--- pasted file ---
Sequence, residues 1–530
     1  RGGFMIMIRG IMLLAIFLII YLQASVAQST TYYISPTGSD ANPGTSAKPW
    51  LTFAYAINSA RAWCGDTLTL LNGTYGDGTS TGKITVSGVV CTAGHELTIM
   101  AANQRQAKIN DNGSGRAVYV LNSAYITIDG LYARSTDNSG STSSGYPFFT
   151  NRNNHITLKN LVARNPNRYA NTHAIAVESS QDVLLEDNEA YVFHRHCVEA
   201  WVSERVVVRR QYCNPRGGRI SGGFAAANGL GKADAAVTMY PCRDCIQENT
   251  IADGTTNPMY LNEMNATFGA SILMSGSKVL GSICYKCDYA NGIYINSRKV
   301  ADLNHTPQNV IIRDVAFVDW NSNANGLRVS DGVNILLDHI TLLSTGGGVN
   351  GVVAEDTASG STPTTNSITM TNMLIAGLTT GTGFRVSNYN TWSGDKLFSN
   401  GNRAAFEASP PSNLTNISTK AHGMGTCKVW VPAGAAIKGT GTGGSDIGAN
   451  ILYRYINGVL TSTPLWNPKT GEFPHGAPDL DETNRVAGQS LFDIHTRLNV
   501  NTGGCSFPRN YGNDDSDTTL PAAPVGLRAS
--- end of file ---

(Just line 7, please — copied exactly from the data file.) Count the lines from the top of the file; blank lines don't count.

   251  IADGTTNPMY LNEMNATFGA SILMSGSKVL GSICYKCDYA NGIYINSRKV